Tag Archives: Boredom

A Sunday in Ville-d’Avray: Dominique Barbéris

On Sunday–don’t you think?–certain things come back to you more than on other days.”

Dominique Barbéris’s slim, disturbing novel A Sunday in Ville-d’Avray explores the fragility of domestic contentment, the lurking dangers of extramarital romance, and just how little we know those closest to us.

The story is narrated by a young married woman, a high school teacher, who drives from Paris to the sleepy suburb of Ville-d’Avray to visit her elder sister, Marie-Claire. The narrator suspects that her husband, Luc, may be having an affair, and while he claims to be attending a seminar, it seems possible he’s meeting the ‘other woman.’ So the narrator is mulling over these worries on the way to see Marie-Claire, and this all-too-rare visit is an acknowledgement of Luc’s dislike for his wife’s family. He describes Marie-Claire as “boring,” and he also dislikes Ville-d’Avray, a place he finds “depressing.” Ville-d’Avray is a place, but it’s also, as we see as the book continues, a state of mind.

I’m sure that Ville-d’Avray, with its peaceful, secluded streets, its houses set back in their gardens given over to the passage of the seasons as if defenseless against time, has further increased the gap between her and reality. She has formed all sorts of outdated habits

Marie-Claire is married to Christian, a doctor, they have one child together, and share a beautiful home. The two sisters visit, and as the hours pass, the narrator recalls moments from her childhood and the way in which both girls became caught up in the romance of Jane Eyre and the mysterious Mr. Rochester. Whereas the narrator’s focus moved on to other male figures, Marie-Claire “stayed under the spell of that literary love affair for a long time.” During the visit, Marie-Claire confides that she had an “encounter” with the mysterious Marc Hermann, a patient she met at her husband’s practice. Then about a month later, Marc, ‘coincidentally’ happens to drive by Marie-Claire and offers to give her a lift home. The story is a little odd, and perhaps even odder since Marie-Claire asks her sister “what would you have done in my place?” A sure sign that Marie-Claire isn’t telling the whole story and yet wants approval for her decision to get into Marc’s car. The lift home turns into a drive to a cafe, wine, conversation, and a leisurely evening stroll. Marc claims to be a Hungarian businessman in the Import-Export trade. He gives Marie-Claire a business card and asks her to call him. It’s all very vague. A little while later, Marie-Claire thinks she may be being followed. Of course, eventually Marie-Claire calls Marc, and a relationship begins. ….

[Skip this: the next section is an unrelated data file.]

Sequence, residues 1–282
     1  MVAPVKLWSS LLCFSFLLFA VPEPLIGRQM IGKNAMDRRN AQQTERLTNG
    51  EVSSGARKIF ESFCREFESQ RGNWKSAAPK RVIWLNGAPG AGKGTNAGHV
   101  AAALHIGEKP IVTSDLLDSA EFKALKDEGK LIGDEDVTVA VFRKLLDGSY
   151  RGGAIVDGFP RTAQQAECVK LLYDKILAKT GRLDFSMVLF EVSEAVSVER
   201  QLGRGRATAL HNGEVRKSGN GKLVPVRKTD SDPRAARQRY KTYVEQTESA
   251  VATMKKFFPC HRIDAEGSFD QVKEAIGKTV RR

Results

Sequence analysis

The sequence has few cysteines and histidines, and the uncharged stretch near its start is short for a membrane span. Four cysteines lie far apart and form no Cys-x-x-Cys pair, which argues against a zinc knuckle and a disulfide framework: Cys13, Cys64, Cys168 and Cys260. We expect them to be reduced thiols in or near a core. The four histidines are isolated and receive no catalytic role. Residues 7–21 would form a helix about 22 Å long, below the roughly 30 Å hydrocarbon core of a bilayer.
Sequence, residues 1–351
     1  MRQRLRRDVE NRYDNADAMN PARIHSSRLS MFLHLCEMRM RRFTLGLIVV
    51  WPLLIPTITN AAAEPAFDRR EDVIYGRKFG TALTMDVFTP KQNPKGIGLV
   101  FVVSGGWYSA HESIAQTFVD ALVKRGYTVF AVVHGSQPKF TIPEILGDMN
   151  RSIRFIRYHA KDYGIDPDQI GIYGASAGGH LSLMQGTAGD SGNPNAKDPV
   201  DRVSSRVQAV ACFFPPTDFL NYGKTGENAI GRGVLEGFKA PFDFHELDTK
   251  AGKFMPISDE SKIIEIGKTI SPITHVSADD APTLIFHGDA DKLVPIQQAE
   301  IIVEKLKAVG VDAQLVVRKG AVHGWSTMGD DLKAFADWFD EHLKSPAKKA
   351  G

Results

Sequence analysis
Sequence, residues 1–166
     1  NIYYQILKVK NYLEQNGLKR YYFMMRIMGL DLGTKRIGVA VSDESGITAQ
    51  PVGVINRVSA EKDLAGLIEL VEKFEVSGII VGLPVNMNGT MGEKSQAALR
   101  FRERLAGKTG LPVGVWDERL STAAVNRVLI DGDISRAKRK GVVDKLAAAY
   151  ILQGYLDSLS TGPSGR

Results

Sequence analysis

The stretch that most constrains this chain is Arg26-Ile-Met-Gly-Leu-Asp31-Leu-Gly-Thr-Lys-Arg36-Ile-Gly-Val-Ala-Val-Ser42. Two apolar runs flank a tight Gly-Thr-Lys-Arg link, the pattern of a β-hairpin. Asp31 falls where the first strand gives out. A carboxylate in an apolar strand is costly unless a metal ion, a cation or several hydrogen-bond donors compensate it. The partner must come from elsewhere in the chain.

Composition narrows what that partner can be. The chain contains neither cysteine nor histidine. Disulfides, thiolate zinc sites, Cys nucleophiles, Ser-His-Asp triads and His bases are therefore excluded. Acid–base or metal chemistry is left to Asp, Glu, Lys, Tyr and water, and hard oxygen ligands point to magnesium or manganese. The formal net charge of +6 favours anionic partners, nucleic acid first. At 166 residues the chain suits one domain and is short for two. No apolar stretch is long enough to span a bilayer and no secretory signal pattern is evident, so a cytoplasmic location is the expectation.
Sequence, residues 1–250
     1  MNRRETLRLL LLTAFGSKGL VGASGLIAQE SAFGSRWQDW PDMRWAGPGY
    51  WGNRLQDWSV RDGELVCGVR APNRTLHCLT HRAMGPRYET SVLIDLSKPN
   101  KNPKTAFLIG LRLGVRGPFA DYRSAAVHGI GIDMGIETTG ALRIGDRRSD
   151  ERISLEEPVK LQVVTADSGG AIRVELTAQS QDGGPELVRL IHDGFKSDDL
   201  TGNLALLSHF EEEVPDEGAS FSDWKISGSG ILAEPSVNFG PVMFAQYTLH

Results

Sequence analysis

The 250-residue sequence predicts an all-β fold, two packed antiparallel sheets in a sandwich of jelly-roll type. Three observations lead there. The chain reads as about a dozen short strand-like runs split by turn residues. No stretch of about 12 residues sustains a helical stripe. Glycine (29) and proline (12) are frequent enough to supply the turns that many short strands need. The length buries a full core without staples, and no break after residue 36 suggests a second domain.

While the narrator is stunned to hear her sister’s story, and what’s more that it happened some years ago, she begins to slot pieces into the puzzle. She recalls how Marie-Claire once asked “Are there times when you dream of something else?” And while the question is dismissed at the time, the narrator admits that it needles her and awakens vague feelings of discontent.